Implicit bias can be found in many areas of society, even in sports. For example, in 2007, two university academics released a study of referees and foul calls in the National Basketball Association from 1991-2004 and found evidence of racial bias. White referees called fouls at a greater rate against black players than against white players.
Even more disturbing is evidence of bias in health care. Research from the Ohio State University Kirwan Institute for the Study of Race and Ethnicity has concluded that:
- Non-white patients receive fewer cardiovascular interventions and fewer renal transplants;
- Black women are more likely to die after being diagnosed with breast cancer;
- Non-white patients are less likely to be prescribed pain medications (non-narcotic and narcotic);
- Black men are less likely to receive chemotherapy and radiation therapy for prostate cancer; and
- Patients of color are more likely to be blamed for being too passive about their health care.
Not surprisingly, implicit bias can also be observed in the school environment.
How Does Implicit Bias Manifest Itself in Schools? School climate, culture, student achievement, co-curricular and curricular opportunities can all be impacted by implicit bias. This bias can also have an impact on relationships and interactions among staff, students, their families, and the community. It also has an impact on the implementation of discipline policies and practices.
Expections for students can be affected by implicit bias as well; influencing academic course placement, special education eligibility, and opportunities to participate in honors/AP classes, athletics and other co-curricular activities, including social events.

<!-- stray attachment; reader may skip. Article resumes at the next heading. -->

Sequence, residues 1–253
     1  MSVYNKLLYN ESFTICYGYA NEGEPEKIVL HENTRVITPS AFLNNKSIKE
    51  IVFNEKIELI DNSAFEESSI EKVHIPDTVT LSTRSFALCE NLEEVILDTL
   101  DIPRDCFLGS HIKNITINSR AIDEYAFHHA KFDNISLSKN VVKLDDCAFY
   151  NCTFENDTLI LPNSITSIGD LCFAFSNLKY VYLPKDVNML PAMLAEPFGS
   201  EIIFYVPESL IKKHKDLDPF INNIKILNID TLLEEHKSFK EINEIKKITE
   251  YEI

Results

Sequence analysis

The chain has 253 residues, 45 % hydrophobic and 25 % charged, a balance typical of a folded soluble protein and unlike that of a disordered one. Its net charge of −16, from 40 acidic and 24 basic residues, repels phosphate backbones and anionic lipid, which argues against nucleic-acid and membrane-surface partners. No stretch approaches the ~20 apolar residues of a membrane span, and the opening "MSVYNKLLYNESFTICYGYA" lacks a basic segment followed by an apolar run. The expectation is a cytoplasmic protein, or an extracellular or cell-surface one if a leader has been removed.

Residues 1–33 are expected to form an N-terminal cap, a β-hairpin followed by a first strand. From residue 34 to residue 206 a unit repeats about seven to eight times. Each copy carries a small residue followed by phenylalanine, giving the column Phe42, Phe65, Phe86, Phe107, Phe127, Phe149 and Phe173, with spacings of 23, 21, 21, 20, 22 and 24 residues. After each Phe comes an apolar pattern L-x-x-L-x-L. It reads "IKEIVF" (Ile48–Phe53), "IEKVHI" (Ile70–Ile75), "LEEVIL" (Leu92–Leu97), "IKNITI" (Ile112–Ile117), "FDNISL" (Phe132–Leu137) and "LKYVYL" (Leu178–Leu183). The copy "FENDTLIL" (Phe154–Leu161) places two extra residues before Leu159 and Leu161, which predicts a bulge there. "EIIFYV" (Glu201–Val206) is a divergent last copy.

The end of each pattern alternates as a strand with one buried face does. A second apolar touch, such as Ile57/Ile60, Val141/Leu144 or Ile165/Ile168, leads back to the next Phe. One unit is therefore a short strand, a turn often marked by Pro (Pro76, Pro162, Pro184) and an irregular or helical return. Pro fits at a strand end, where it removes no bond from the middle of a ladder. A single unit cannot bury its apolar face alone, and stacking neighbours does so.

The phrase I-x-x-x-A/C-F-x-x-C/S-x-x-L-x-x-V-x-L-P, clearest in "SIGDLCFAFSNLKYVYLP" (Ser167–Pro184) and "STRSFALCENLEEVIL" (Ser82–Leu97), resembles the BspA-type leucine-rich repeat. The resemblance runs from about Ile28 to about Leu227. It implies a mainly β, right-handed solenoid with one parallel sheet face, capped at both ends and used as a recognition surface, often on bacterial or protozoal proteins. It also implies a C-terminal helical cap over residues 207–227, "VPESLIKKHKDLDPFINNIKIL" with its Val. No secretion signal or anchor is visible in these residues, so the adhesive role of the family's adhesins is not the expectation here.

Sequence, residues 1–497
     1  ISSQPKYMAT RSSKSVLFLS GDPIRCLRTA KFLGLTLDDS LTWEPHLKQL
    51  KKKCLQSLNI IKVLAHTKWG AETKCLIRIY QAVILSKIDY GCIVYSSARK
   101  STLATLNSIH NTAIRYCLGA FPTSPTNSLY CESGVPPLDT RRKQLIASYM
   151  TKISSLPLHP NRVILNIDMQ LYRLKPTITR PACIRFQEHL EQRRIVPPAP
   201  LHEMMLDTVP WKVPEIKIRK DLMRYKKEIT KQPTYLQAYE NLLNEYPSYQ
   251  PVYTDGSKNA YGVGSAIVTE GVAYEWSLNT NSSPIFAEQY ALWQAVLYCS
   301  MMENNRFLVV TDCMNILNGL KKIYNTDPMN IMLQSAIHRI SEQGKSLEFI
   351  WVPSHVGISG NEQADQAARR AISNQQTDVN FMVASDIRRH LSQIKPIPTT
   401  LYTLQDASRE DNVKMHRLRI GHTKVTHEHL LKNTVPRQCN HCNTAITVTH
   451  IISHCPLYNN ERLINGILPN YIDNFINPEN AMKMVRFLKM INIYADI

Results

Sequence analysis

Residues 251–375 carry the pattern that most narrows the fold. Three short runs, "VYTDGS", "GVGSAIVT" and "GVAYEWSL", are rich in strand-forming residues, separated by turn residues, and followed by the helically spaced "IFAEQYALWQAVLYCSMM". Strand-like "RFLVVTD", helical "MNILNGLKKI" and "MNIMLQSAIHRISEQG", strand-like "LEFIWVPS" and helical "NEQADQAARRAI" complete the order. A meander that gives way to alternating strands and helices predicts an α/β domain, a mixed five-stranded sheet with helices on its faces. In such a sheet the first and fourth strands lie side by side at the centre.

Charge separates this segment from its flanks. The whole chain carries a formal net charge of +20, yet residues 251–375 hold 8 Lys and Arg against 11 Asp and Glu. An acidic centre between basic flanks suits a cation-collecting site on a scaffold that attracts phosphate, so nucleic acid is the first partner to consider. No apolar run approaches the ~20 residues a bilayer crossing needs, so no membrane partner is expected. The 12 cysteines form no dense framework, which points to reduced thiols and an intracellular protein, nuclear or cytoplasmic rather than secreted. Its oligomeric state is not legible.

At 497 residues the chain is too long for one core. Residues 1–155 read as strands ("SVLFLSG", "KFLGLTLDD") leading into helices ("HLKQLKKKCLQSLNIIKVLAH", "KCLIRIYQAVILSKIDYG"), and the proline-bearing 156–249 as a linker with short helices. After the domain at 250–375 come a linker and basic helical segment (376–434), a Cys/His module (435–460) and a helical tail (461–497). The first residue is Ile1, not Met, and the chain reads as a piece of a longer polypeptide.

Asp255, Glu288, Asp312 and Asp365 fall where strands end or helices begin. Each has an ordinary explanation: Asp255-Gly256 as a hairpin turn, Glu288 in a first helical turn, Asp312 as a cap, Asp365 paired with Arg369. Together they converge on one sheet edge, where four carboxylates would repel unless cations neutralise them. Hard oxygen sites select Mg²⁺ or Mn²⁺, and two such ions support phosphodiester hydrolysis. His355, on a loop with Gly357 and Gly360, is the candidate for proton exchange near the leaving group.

According to a study of 16,000 teachers conducted by academics from American University and Johns Hopkins University, and reported in the September 2015 NEA Today magazine:
- Whether or not a teacher “believes in” her students and “expects” them to succeed affects how well they do in school.
- Educators should be aware that their expectations of the students they teach can be influenced by their own implicit racial biases.
- Black and non-black teachers were asked to predict their 10th-graders’ future educational attainment.
- Would s/he graduate from high school?
- Would s/he graduate from college?
- When asked about any specific black student:
- Non-black teachers were about 30% less likely than black teachers to predict a specific black student would someday earn a college degree.
- For white students, the teachers’ predictions, or expectations, were about the same.
Professor Seth Gershenson of American University, one of the authors of the study, wrote in a blog post, “We cannot determine whether the black teachers are too optimistic, the non-black teachers are too pessimistic, or some combination of the two….systematic biases in teachers’ expectations for student success might contribute to persistent socio-demographic gaps in educational achievement and attainment.” Gershenson also wrote, “Biases in expectations are generally unintentional and are an artifact of how humans categorize complex information,” and cautioned that, “These results are not meant to, nor should they, demonize or implicate teachers.”
In the next Equity Council Corner, we will examine how to recognize implicit bias, and the effects of identifying it.
The NJSBA’s Equity Council, which consists of board of education members, superintendents, district administrators, and representatives from the state education department, higher education and advocacy groups, meets periodically to examine issues related to equity in education. As part of the Equity Council’s charge to provide information on best practices and helpful resources to the state’s boards of education, the NJSBA publishes a monthly column on the topic in School Board Notes.